Robin Cameron
Professor, Biology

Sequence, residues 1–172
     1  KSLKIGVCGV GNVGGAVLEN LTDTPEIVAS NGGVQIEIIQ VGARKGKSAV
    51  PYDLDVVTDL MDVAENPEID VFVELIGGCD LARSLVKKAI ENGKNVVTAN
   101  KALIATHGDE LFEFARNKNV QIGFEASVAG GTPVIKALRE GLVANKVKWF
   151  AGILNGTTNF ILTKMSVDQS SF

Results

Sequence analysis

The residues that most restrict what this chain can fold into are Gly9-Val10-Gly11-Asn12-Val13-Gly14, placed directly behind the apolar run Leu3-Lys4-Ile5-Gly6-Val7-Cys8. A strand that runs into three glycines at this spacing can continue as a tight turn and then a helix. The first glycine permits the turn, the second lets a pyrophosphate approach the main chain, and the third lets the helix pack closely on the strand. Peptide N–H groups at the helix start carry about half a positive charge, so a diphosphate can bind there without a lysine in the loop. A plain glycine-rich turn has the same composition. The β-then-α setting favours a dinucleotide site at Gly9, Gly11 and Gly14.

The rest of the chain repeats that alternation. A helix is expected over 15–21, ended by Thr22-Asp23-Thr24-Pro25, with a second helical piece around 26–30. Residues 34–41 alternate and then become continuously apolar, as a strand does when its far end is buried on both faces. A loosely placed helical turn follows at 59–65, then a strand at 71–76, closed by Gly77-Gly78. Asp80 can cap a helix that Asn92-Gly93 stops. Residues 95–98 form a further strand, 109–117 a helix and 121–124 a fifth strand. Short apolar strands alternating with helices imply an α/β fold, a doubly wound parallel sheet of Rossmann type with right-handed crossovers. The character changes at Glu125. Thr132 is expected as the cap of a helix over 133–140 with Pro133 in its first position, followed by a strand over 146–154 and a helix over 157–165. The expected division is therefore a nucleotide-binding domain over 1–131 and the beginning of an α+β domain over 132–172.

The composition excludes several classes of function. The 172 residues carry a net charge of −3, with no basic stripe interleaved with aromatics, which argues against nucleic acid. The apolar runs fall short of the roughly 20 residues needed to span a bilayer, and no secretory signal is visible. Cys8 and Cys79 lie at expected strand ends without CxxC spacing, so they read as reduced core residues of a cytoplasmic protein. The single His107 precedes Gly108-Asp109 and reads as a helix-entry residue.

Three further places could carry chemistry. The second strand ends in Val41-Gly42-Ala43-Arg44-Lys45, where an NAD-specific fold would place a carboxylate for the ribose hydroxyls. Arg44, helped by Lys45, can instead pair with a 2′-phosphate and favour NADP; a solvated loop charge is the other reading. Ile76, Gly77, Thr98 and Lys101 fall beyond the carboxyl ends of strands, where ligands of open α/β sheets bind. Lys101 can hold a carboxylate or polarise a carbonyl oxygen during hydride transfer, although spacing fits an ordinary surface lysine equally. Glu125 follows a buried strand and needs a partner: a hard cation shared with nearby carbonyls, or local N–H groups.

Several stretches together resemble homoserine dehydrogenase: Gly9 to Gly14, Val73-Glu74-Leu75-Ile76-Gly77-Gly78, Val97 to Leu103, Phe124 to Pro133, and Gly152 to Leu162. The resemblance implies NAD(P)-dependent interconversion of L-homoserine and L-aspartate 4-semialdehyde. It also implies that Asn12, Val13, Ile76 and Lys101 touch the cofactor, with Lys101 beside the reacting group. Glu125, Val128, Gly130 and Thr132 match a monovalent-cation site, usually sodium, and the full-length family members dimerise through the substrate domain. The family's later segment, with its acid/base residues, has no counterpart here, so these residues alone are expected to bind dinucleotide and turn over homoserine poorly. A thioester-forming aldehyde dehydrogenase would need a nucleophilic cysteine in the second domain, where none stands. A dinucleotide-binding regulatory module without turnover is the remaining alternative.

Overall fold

Research in the Cameron lab focuses on understanding the signal transduction pathways and the processes responsible for induced disease resistance in plants including Systemic Acquired Resistance (SAR) and Age-Related Resistance using the model plant, Arabidopsis thaliana. The Cameron research team continues to make significant contributions to the SAR field, including understanding long-distance communication, specifically how SAR signals move from induced to distant leaves to render uninfected distant leaves resistant to future infections. We also have made significant progress in understanding the mechanisms responsible for Age-Related Resistance (ARR) demonstrating that salicylic acid acts as both an anti-microbial and anti-biofilm agent to inhibit pathogen growth during ARR. Dr. Cameron is applying her expertise to enhance resistance in horticultural greenhouse crops like cucumber and tomato and has determined that SAR in cucumber is similar, but not identical to SAR in Arabidopsis. This highlights the importance of performing mechanistic studies in the actual crop under both lab and greenhouse/field conditions. Therefore, we are screening potential resistance-inducing compounds to identify those that induce resistance in cucumber and tomato in our lab and in a commercial greenhouse setting with collaborators at the Vineland Research Innovation Centre.
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